Subject(s)
Betacoronavirus , Coronavirus Infections/epidemiology , Immunocompromised Host , Leukemia, Lymphocytic, Chronic, B-Cell/epidemiology , Pneumonia, Viral/epidemiology , COVID-19 , Comorbidity , Humans , Leukemia, Lymphocytic, Chronic, B-Cell/diagnosis , Male , Middle Aged , Pandemics , SARS-CoV-2
8.
Am J Case Rep ; 21: e925932, 2020 Oct 13.
Article in English | MEDLINE | ID: covidwho-854650

ABSTRACT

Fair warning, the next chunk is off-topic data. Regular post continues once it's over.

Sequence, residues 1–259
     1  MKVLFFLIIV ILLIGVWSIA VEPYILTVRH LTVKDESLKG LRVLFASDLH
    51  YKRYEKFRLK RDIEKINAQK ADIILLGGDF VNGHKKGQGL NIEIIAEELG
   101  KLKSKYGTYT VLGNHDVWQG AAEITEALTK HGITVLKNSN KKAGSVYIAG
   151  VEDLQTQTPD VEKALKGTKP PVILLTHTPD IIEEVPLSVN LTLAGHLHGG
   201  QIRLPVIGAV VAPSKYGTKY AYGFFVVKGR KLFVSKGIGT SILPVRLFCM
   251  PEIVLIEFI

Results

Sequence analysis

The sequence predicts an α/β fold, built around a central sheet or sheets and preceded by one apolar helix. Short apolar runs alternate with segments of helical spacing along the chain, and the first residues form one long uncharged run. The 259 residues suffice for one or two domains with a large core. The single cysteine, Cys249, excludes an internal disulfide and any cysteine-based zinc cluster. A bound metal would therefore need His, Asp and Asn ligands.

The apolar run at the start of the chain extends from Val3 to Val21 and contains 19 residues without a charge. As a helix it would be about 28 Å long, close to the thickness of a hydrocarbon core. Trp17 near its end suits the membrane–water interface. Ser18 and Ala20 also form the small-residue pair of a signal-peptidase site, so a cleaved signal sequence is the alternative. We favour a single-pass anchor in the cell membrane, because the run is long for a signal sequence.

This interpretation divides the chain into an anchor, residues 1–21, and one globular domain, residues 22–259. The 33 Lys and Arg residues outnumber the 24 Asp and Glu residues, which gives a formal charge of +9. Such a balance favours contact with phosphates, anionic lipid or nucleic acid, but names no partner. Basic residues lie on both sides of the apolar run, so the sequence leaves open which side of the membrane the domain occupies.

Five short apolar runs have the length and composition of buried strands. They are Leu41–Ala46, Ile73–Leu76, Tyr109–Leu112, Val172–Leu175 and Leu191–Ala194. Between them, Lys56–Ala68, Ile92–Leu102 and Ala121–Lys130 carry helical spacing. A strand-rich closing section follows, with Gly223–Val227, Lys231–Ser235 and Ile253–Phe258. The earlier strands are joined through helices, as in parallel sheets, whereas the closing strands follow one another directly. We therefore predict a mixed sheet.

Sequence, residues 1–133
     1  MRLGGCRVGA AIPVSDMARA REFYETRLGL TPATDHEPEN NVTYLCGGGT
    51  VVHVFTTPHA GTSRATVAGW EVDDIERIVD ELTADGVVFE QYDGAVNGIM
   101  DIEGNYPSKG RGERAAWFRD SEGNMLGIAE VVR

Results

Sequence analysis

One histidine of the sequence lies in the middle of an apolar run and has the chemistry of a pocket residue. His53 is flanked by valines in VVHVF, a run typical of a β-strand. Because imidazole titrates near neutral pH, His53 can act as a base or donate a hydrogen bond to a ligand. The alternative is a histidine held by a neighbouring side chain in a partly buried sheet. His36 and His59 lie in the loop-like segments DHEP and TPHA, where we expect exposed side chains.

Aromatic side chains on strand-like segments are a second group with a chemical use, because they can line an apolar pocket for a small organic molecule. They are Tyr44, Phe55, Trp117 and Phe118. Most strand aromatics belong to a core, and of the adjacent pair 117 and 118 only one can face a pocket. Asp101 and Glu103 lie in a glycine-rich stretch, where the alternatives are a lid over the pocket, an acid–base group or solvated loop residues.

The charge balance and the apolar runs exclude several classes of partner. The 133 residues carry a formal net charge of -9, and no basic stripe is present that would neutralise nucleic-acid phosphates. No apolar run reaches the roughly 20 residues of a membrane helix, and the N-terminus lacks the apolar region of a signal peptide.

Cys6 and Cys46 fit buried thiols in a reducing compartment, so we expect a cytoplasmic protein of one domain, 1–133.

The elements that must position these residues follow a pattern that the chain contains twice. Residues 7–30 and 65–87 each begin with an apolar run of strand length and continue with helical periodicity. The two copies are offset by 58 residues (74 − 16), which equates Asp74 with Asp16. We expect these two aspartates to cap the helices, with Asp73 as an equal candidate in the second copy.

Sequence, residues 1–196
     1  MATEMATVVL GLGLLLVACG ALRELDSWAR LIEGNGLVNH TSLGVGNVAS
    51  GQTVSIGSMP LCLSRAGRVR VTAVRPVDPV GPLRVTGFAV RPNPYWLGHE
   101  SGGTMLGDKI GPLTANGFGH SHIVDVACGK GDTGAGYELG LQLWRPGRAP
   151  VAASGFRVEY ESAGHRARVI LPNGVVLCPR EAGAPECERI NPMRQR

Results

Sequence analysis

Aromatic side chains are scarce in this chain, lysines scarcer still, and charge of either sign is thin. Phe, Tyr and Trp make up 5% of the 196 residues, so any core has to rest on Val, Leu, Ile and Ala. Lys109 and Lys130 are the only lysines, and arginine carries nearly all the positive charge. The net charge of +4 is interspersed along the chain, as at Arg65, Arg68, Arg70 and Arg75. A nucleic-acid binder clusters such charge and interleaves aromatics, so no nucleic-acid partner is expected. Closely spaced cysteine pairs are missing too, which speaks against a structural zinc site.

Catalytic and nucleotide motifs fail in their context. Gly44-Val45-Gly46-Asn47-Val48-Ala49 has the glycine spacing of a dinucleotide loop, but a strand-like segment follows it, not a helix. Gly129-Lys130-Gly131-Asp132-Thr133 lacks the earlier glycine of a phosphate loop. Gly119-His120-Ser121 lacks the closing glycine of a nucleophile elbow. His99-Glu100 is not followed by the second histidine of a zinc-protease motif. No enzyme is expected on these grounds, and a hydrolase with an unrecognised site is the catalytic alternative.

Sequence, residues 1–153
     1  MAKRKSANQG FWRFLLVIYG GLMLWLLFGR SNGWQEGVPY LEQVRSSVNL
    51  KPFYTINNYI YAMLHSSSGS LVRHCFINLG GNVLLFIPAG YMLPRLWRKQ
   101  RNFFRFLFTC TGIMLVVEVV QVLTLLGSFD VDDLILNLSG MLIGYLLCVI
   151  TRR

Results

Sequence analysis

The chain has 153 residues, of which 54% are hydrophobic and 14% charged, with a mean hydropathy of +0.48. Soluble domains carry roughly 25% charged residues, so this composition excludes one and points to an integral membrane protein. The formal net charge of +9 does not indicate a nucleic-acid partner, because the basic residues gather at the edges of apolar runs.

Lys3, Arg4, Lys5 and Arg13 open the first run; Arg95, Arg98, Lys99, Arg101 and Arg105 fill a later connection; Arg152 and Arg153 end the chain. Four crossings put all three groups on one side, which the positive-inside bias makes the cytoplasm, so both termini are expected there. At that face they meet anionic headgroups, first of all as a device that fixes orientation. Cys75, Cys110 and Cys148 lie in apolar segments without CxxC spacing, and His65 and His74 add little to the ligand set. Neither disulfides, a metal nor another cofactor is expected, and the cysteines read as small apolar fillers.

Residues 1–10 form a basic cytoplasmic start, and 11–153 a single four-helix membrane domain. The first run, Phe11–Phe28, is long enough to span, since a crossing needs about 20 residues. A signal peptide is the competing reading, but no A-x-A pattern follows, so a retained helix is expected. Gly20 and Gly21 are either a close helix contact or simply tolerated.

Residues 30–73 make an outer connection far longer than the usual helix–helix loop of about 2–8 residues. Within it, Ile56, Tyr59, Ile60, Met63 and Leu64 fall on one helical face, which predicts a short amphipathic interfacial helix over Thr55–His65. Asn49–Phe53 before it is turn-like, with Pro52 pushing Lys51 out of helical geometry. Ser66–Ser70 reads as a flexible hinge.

BACKGROUND Coronavirus disease 2019 (COVID-19) is a newly emerging disease that is still not fully characterized. It is caused by severe acute respiratory syndrome coronavirus 2 (SARS-CoV-2), a novel virus that can be transmitted easily from human to human mainly by the respiratory route. Currently, there is no specific treatment for COVID-19 or a vaccine for prevention. The disease has various degrees of severity. It often presents with nonspecific symptoms such as fever, headache, and fatigue, accompanied by respiratory symptoms (e.g., cough and dyspnea) and other systemic involvement. Severe disease is associated with hemophagocytic syndrome and cytokine storm due to altered immune response. Patients with severe disease are more likely to have increased liver enzymes. The disease can affect the liver through various mechanisms. CASE REPORT We report an unusual case of SARS-CoV-2 infection in a 24-year-old man with no previous medical illness, who presented with mild respiratory involvement. He had no serious lung injury during the disease course. However, he experienced acute fulminant hepatitis B infection and cytokine release syndrome that led to multiorgan failure and death. CONCLUSIONS It is uncommon for SARS-CoV-2 infection with mild respiratory symptoms to result in severe systemic disease and organ failure. We report an unusual case of acute hepatitis B infection with concomitant SARS-CoV-2 leading to fulminant hepatitis, multiorgan failure, and death.